With shares of Tesla (NASDAQ: TSLA) rebounding sharply on Tuesday, rising more than 11% at one point, investors might be wondering if now is a good time to get in on the beaten-down stock.
After all, shares of the automaker are still down more than 30% year to date. And this comes at a time the company is seeing rapid growth in vehicle deliveries and demand that far exceeds supply. Furthermore, the stock’s price-to-earnings (P/E) ratio has plummeted over the past year, making the valuation more attractive.
To see whether shares are attractive today, let’s take a closer look at the growth stock, its valuation, and the underlying business valuation.
Soaring sales and earnings
While shares of Tesla have been pummeled this year, the underlying business is actually doing very well. First-quarter deliveries skyrocketed 68% year over year. This was fueled by an impressive 69% boost in production, an extraordinary achievement considering the global supply constraints automotive companies are facing.
Even more, Tesla has been able to pass on increased costs during this inflationary period with price increases.
Importantly, a big jump in deliveries and recent price hikes for its products are translating to strong financials for the company. Revenue jumped 81% year over year to $18.8 billion, and earnings soared 658% to $3.3 billion. Free cash flow for the quarter was $2.2 billion, up from $619 million in the year-ago quarter.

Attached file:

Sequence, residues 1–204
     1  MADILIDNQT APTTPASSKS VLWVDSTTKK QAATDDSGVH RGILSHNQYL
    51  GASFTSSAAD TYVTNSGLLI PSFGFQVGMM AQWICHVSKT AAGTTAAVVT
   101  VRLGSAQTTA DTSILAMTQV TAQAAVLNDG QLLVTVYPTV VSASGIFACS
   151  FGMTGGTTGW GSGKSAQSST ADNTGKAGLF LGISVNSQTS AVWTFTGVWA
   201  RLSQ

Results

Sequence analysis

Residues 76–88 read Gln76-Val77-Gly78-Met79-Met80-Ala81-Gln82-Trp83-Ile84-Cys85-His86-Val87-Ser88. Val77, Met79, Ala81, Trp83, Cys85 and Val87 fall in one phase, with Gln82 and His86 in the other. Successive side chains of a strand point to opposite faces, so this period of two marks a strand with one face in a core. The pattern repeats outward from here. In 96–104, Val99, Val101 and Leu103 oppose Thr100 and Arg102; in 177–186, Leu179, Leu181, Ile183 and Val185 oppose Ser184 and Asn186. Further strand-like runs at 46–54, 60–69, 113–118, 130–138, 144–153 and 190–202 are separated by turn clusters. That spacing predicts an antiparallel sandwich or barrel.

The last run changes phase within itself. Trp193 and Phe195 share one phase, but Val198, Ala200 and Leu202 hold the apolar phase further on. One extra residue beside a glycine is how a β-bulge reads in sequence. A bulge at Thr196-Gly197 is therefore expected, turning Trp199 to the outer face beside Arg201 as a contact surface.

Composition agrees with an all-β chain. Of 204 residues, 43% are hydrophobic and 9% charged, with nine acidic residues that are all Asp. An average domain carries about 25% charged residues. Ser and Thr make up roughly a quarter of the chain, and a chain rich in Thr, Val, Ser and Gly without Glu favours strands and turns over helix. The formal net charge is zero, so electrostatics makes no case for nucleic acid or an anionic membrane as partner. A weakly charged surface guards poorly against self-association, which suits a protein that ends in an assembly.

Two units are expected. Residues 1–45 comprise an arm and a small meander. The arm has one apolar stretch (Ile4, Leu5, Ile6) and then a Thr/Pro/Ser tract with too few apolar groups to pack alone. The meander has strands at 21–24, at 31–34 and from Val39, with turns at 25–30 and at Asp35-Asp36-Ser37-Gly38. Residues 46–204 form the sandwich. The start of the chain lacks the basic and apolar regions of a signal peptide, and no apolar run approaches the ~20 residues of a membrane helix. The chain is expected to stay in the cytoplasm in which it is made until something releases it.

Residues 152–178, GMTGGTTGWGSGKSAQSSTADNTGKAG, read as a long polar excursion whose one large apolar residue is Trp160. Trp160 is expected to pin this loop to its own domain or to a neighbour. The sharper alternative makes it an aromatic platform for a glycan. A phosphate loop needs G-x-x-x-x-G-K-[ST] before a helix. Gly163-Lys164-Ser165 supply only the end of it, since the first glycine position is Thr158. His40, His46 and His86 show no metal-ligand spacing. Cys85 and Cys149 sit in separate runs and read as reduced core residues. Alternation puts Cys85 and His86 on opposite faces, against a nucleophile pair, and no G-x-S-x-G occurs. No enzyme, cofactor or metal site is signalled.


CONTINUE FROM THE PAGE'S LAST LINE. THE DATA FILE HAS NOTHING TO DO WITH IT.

Tesla is also well positioned for a potential recession. It finished the quarter with $18 billion in cash, cash equivalents, and short-term marketable securities.
Tesla stock valuation: Buy, sell, or hold?
Thanks to the electric car company‘s soaring earnings recently, its P/E has actually come down much faster than its stock price. Today, Tesla has a P/E of just below 100, down about 55% year to date. Furthermore, over the past 12 months, its P/E has fallen 85% even though the stock is actually up 15% over this period.
While a P/E of close to 100 might seem too expensive at first glance, investors should realize that when they buy shares today, they are getting in on a very fast-growing company. Not only does Tesla expect vehicle production to grow 50% this year, but management also expects the company to average 50% annualized growth for the foreseeable future.
And the company’s recent staggering growth during a challenging time for automotive companies gives substance to management’s rosy outlook. In addition, with delivery times for new vehicles about three or more months for most models, there’s clearly plenty of demand for the products.
Sure, Tesla could face some detours this year. With supply chain challenges for the automotive industry persisting during the second quarter, there’s a possibility that the company fails to grow deliveries sequentially. Additionally, there’s no telling where the near-term bottom is for the stock.
But shares are trading low enough to make the odds good that today’s price could seem attractive when investors look back five years from now.
Based on Tesla’s business momentum, these are likely early days for the company. So the stock’s pullback this year could be a great buying opportunity for patient investors.
Daniel Sparks has no position in any of the stocks mentioned. His clients may own shares of the companies mentioned. The Motley Fool has positions in and recommends Tesla. The Motley Fool has a disclosure policy.